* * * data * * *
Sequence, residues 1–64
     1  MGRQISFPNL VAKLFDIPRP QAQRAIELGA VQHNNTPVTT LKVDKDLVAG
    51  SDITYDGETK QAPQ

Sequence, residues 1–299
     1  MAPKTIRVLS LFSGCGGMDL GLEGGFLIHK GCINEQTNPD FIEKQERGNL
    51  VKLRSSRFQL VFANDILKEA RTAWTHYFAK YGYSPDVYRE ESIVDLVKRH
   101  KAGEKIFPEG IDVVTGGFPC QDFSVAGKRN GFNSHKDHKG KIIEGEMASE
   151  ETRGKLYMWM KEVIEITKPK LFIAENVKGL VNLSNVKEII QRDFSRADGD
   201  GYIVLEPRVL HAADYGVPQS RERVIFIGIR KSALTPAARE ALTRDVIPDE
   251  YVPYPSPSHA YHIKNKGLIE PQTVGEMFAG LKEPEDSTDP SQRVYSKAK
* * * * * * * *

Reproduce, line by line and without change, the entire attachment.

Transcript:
Sequence, residues 1–64
     1  MGRQISFPNL VAKLFDIPRP QAQRAIELGA VQHNNTPVTT LKVDKDLVAG
    51  SDITYDGETK QAPQ

Sequence, residues 1–299
     1  MAPKTIRVLS LFSGCGGMDL GLEGGFLIHK GCINEQTNPD FIEKQERGNL
    51  VKLRSSRFQL VFANDILKEA RTAWTHYFAK YGYSPDVYRE ESIVDLVKRH
   101  KAGEKIFPEG IDVVTGGFPC QDFSVAGKRN GFNSHKDHKG KIIEGEMASE
   151  ETRGKLYMWM KEVIEITKPK LFIAENVKGL VNLSNVKEII QRDFSRADGD
   201  GYIVLEPRVL HAADYGVPQS RERVIFIGIR KSALTPAARE ALTRDVIPDE
   251  YVPYPSPSHA YHIKNKGLIE PQTVGEMFAG LKEPEDSTDP SQRVYSKAK